Date of Award


Publication Type

Master Thesis

Degree Name



Sociology and Anthropology


Lewis, Jacqueline


Social sciences, Automobility, Critical discourse analysis, Longboarding, Skateboarding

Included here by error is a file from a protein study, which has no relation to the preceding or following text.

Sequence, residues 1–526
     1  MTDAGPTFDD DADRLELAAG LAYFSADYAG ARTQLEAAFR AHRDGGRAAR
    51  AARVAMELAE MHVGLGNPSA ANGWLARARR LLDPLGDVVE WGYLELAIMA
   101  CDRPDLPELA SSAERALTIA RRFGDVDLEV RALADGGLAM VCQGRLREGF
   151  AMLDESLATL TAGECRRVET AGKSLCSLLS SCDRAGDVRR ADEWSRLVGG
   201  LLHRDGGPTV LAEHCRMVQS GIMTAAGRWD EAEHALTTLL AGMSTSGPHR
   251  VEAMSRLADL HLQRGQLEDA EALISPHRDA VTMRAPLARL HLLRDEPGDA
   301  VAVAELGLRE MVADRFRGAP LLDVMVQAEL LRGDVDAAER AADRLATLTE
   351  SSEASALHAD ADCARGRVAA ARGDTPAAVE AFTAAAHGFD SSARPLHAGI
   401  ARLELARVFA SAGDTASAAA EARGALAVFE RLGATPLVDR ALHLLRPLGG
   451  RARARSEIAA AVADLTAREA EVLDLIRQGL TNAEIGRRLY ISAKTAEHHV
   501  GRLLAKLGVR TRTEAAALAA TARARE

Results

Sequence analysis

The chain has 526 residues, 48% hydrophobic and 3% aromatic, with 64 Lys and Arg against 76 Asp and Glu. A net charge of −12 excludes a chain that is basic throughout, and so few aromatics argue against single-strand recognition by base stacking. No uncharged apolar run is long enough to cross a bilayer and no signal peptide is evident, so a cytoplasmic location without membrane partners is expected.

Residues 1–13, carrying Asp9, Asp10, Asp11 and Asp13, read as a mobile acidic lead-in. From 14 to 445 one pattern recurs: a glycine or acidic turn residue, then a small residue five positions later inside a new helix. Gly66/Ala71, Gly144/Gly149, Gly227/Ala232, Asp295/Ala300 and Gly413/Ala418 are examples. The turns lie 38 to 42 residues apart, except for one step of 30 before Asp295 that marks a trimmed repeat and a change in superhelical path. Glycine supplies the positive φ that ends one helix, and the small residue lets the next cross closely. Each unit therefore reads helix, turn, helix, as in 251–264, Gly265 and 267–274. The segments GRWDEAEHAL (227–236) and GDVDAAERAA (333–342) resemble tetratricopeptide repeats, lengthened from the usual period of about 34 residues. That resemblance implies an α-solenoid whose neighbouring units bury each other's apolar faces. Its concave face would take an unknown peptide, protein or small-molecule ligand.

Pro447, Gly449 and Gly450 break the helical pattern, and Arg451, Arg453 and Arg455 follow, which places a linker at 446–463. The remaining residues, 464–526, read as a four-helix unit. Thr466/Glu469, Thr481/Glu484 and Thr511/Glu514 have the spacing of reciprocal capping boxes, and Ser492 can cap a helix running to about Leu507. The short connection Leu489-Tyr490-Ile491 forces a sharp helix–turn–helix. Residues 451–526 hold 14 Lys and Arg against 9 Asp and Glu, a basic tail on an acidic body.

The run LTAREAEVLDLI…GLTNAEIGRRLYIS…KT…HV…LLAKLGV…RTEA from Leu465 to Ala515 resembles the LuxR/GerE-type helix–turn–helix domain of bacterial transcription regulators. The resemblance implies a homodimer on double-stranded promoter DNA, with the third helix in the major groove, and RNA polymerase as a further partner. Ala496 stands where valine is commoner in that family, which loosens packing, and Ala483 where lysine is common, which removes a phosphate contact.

Longboarding has become increasingly popular in recent years in Canada and its practice on public streets has lead to serious injuries, including fatalities and a highly contested debate about its legitimacy on public roads. Using a case study within a Critical Discourse Analysis (CDA) framework, this paper analyzes a series of debates about longboarding that took place during city council meetings in a community in British Columbia, Canada. The critical study of automobility - our social and cultural predisposition to the car as mobility - is adopted to consider how it constructs longboarding within these public policy debates. The results indicate that longboarding as an activity on public roads challenges automobility and "common sense" perceptions of road use. Longbaorders are constructed as illegitimate road users who create a danger to others, especially drivers. The debates about longboarding highlight the pervasiveness of our `car culture' and the difficulty in incorporating alternative forms of transportation into a system that prioritizes automobiles and drivers over other forms of mobility.